Palliative Sedation is a medical treatment used to treat intractable pain in terminally ill patients. The intent, both ethically and legally, is to alleviate pain that is not manageable by any other means. The intent is NOT to end the patient’s life. Moreover, Palliative Sedation is not a paternalistic practice; a doctor cannot order Palliative Sedation without the consent of the patient or the patient’s surrogate. The strict standards are probably somewhat akin to “requiring” a patient to sign a DNR. Such a practice is not only ethically ill-conceived, it is legally forbidden.

In the Netherlands, though not in the US, Euthanasia–the act of injecting a lethal dose of medication intentionally to end a patient’s life– is condoned legally and ethically. Nevertheless, there as here, there is growing concern that the line between Palliative Sedation and Euthanasia has grown increasingly blurry. Many are concerned that the permitted practice in the Netherlands of both procedures has led to a loose interpretation and a lax attitude in terms of consent, leading to involuntary Euthanasia.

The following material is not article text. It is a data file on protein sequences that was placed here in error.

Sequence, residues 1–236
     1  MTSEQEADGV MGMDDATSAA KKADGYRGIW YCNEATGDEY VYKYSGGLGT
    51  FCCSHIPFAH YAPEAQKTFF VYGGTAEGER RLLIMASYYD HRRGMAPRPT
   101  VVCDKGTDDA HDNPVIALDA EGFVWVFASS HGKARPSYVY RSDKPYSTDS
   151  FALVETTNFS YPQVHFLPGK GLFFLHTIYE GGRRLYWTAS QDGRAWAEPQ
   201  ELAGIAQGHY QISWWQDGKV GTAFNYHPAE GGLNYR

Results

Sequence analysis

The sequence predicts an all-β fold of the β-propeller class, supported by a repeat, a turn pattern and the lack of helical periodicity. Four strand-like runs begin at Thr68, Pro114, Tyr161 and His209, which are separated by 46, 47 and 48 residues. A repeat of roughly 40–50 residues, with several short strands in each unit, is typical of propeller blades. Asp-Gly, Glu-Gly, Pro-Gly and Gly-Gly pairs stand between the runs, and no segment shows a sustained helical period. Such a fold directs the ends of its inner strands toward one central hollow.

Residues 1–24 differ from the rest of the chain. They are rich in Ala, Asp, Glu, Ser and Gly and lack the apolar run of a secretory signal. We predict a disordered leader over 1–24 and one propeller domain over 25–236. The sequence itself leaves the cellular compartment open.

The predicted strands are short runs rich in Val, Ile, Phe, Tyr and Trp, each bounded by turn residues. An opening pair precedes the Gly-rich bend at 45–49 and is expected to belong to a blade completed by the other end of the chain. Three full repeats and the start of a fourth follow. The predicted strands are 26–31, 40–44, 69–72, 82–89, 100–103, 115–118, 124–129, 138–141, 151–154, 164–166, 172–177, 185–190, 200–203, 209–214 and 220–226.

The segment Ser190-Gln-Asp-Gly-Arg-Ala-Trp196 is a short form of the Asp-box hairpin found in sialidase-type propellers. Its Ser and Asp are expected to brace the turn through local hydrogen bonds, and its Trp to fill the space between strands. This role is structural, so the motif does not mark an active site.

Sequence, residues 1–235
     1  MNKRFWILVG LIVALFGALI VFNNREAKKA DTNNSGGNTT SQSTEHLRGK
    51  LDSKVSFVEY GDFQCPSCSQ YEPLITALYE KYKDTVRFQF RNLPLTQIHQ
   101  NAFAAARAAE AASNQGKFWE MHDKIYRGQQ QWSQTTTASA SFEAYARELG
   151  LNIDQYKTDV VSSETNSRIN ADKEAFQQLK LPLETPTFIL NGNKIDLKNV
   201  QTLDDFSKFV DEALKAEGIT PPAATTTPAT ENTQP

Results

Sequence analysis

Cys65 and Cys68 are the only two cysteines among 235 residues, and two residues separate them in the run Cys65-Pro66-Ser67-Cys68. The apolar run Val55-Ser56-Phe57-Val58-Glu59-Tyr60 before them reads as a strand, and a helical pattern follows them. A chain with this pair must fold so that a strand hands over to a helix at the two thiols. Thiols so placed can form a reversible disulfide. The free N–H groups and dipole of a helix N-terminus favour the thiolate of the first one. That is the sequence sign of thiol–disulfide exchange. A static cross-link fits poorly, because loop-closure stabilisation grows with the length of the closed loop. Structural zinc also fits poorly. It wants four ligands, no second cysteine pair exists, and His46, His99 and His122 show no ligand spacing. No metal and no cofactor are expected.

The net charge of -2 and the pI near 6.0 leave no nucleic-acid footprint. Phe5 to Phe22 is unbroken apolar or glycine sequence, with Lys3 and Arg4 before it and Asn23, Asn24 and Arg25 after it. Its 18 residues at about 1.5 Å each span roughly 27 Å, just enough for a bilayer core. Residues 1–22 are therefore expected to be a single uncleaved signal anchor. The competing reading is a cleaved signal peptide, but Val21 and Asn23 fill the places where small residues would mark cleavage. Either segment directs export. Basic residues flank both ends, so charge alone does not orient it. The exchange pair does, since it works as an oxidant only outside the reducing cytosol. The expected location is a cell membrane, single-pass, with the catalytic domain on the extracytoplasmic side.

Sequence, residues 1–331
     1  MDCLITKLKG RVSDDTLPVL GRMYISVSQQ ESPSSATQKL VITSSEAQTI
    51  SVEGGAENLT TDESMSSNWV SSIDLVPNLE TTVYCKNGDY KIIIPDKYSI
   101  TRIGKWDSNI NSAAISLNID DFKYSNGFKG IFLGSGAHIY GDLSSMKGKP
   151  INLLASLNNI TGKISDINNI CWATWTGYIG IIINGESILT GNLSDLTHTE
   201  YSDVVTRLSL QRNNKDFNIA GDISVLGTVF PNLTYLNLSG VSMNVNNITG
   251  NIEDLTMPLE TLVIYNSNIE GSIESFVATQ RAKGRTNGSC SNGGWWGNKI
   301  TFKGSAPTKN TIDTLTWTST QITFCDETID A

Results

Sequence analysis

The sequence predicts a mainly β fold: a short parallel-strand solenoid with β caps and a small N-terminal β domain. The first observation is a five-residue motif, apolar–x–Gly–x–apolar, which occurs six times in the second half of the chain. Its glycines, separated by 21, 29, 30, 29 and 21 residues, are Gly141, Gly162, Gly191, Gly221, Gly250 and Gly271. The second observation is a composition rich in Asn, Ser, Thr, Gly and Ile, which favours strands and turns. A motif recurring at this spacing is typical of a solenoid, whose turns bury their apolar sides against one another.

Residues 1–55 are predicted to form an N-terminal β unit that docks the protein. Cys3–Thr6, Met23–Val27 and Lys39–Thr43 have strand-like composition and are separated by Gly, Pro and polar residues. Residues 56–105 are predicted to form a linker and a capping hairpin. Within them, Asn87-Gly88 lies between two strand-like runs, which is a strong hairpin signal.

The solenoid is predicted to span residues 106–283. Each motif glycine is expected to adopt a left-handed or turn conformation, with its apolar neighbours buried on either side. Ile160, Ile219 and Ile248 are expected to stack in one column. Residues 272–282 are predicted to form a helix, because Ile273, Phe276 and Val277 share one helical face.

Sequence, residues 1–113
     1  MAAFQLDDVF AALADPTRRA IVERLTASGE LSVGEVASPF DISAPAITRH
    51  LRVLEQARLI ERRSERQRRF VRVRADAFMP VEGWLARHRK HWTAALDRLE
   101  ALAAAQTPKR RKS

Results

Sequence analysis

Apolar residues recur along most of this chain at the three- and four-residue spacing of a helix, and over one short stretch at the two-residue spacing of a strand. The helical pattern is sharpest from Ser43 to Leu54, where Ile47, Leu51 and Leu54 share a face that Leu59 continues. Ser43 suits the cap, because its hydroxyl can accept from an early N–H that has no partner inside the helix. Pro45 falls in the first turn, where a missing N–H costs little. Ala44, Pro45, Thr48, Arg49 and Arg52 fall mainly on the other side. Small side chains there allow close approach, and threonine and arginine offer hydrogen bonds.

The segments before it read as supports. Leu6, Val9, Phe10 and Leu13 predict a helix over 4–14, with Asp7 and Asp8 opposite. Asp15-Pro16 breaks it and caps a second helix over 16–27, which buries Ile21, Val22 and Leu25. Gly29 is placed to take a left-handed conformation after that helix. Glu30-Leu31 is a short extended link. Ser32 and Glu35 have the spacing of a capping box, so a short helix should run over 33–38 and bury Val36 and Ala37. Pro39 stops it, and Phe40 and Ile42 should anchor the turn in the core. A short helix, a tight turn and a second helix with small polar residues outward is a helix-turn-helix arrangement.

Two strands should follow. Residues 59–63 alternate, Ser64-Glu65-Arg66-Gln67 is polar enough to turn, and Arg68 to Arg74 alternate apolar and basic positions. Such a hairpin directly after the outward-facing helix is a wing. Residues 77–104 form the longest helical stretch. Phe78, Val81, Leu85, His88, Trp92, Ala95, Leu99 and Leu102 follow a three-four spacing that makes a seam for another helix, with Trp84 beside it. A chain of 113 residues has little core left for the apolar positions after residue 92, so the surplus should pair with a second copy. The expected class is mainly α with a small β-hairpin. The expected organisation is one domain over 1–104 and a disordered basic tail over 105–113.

Contributing to the fear, requests for Euthanasia in the Netherlands increased 40% between 2005 and 2010. (Olsen, 2010). There is also a significant increase in the number of doctors willing to perform Euthanasia. Of concern is that the increase in the number of deaths appears related to physicians inappropriately inducing continuous deep sedation with the intention of inducing death, in direct contrast to the legal requirements for administering palliative sedation for pain control. Equally concerning is that the practice, under the misunderstood guise of Palliative Sedation is being performed without consent.

Actual discussion questions:

Read the following and then proceed to the discussion:

Please read the short scenario and respond to the following question:

An 85-year old terminal patient with stage IV cancer and virtually intractable pain undergoes surgery to remove a malignant mass pressing on his spinal cord. Although the hope is that the surgery will stave off paralysis and relieve his pain, there is a good chance the patient will die during or immediately following surgery.

  • Is this scenario ethically equivalent to the rationale behind Palliative Sedation? Why or Why Not? Please explain your response, using the ethical theories and principles we have discussed throughout the course as appropriate.

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